Dr Anthony Fauci (Image: Supplied)

As Melbourne emerges from months of lockdown, two infectious disease experts joined forces to discuss vaccine roadblocks, behavioural barriers and what a post-pandemic future looks like around the world. 

US National Institute of Allergy and Infectious Diseases director Dr Anthony Fauci and Doherty Institute director Professor Sharon Lewin spoke this morning with University of Melbourne assistant vice-chancellor Shitij Kapur. 

What will normal look like (and when will we get there)? 

The new normal will not be very normal at all, Fauci says. 

“Our sensitivity to the potentially devastating effects of a pandemic will be extraordinarily heightened,” he says, with precautions like masks and limiting travel likely to continue for some time.

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To return to normality a vaccine would be crucial, he says. He’s optimistic there will be one widely available before the end of 2021: “[It] would really be the showstopper for COVID.”

Unlike HIV, the body produces an effective immune response to coronaviruses, making a vaccine more plausible. 

But it’s not our only hope. The development of direct antivirals, combined with the quick diagnosis of asymptomatic people, could mean COVID-19 would be easily treated in a matter of days instead of weeks.

“We could really take away the fear and the dread of this particular disease,” Fauci says. 

How effective will the vaccine be? 

A key factor in vaccine efficacy is uptake, Lewin says, both domestically and globally.

“If we just vaccinate our own countries we’re not going to get out of this position,” she says.

International organisations and alliances have been working on making an affordable, equally distributed vaccine since the pandemic hit.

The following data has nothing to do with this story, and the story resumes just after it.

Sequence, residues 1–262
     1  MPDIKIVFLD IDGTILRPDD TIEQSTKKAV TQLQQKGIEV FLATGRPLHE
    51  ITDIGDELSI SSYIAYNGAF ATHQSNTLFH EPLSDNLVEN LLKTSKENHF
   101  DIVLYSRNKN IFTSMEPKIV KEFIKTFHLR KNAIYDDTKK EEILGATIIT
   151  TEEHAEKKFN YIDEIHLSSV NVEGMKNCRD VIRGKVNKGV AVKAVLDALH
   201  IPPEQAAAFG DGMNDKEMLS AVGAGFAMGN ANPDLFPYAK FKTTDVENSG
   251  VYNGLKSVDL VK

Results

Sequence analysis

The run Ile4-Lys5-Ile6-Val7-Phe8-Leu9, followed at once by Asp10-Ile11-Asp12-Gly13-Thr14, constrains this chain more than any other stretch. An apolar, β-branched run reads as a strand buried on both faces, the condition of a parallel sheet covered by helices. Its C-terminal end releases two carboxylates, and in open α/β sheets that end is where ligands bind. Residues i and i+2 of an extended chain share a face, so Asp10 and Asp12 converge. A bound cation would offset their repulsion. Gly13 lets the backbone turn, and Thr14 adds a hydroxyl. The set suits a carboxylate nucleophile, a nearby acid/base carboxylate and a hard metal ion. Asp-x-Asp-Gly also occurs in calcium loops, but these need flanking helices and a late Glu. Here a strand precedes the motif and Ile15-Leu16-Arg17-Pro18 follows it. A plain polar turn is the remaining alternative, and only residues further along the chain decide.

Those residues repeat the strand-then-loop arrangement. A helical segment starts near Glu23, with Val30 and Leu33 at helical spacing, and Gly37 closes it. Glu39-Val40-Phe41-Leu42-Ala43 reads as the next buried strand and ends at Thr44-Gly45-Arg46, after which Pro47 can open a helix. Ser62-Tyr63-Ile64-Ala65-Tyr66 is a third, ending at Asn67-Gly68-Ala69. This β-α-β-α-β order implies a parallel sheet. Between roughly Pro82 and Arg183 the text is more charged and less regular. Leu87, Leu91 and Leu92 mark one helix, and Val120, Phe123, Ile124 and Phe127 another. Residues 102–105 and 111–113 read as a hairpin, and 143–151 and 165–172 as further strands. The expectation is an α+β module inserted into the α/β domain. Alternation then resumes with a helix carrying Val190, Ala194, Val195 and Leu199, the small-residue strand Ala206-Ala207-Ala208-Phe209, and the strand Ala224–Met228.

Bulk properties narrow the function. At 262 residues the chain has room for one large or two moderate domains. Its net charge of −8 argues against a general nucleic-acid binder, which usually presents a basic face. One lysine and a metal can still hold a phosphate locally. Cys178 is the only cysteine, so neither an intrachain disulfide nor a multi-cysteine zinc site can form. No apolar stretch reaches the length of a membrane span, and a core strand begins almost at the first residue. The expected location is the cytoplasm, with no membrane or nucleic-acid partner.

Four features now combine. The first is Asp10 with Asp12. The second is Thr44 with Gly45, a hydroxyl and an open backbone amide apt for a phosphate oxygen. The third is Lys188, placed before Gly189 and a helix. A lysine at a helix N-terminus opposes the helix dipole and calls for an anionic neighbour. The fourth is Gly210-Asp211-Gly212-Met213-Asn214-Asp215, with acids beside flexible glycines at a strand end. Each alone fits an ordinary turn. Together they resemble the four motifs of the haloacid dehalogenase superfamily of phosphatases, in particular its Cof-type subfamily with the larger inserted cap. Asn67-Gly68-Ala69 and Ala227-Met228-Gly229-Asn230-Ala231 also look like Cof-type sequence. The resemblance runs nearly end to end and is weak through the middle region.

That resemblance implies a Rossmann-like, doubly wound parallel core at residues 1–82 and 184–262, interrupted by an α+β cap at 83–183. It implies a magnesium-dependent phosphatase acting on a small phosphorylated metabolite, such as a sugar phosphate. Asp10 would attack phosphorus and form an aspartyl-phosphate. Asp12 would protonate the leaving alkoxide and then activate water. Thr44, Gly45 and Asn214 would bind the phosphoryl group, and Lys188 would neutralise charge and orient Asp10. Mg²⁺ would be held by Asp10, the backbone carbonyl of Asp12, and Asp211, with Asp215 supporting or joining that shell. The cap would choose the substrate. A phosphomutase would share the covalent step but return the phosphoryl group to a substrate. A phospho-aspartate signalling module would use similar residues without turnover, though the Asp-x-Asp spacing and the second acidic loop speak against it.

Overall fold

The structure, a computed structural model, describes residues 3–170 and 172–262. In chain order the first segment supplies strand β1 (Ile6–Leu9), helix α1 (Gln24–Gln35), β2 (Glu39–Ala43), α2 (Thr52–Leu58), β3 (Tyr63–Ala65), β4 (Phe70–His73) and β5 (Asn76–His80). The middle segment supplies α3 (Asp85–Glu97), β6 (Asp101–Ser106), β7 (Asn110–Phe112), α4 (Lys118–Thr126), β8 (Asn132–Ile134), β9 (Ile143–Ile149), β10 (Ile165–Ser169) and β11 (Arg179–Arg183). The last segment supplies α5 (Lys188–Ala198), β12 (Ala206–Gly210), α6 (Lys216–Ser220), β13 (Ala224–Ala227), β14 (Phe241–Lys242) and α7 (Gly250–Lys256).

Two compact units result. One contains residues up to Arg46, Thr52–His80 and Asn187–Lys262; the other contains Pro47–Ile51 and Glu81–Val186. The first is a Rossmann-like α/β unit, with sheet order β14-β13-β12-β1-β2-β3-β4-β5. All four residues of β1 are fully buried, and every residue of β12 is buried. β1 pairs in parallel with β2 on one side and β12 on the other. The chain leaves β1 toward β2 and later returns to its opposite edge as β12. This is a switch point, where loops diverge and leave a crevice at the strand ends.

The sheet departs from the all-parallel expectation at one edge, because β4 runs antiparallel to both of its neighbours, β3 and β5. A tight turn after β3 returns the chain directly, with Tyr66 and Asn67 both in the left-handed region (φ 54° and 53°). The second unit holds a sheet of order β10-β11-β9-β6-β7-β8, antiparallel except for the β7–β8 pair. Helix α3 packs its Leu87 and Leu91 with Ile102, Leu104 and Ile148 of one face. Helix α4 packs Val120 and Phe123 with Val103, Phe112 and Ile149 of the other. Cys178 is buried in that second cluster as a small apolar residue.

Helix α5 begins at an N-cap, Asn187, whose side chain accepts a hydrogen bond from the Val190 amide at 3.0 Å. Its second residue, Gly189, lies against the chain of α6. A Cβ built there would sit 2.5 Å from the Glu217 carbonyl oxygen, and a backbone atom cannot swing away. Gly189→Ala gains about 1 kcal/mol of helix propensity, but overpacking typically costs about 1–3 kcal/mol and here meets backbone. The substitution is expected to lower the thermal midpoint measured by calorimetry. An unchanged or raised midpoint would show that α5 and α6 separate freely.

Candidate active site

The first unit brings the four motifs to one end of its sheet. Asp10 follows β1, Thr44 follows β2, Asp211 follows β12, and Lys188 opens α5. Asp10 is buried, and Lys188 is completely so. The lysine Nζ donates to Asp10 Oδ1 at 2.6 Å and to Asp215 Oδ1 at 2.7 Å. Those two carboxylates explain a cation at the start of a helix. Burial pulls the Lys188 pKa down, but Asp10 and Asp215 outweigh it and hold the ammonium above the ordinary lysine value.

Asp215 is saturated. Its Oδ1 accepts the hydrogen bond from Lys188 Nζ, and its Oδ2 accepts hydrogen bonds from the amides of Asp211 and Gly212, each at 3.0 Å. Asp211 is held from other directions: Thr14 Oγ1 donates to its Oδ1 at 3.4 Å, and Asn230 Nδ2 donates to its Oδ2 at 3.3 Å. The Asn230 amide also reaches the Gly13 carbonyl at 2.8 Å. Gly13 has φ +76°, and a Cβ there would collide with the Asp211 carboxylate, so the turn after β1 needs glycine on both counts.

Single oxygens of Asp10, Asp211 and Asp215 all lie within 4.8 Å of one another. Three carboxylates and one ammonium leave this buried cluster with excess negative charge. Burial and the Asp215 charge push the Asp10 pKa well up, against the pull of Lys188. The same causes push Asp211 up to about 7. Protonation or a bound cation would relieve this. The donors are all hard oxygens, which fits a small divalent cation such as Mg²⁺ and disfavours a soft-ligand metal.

Uptake doesn’t just depend on availability, but also on people’s willingness to be vaccinated.

“Vaccine hesitancy is everywhere,” she says. “About 20 to 30% of people [in Australia] are hesitant to have a COVID vaccine.” Luckily not everyone has to be vaccinated — having 60-70% of the population vaccinated is effective in controlling the spread.

The first generation of the vaccine will protect against the disease but not the infection, Lewin says. While you might still develop an infection in your nose, the vaccination will stop it spreading to your lungs. 

Importantly, Fauci adds, we still don’t know everything about COVID-19, which may impact the vaccine’s effectiveness. 

“What I’d like to know is what the durability of immunity is following infection,” he says. “If someone’s response diminishes rapidly, so that after a year or so they’re still susceptible to the same virus that they had a year ago, that’s going to be a real problem.” 

Fauci is also concerned that those who recover may be at a heightened risk of heart conditions including cardiomyopathy and arrhythmia. 

Why have the US and Australia fared so differently? 

More than 225,000 people have died from COVID in the United States. Fauci anticipates that number will climb much higher during its winter. 

Yet Australia has gone through winter, a second wave and a footy season with just 905 deaths. What’s the difference?

“[In] Australia which is a gigantic island, it’s probably easier to contain,” Fauci says. 

But it’s down to more than just geographical luck. Lewin says Australia’s political and scientific response was commendable. 

“We had good national leadership,” she says, stressing that closing the borders, establishing the national cabinet and promoting open dialogue between scientists and premiers meant action could be taken quickly. 

“We have universal health coverage, we have a very, very robust public health system … and we had testing set up pretty early on.” 

Finally, Australians are sticklers for the rules.

“We have universal mask-wearing in Melbourne because you’re fined $1000 if you’re outside not wearing them,” she says.

This, Fauci says, would not work in the US.

“I really wish that we could transplant that kind of mentality here because masks in the United States has become a political statement,” he says. 

“[It’s] painful to me as a physician, scientist and public health person to see such divisiveness centred around a public health issue.”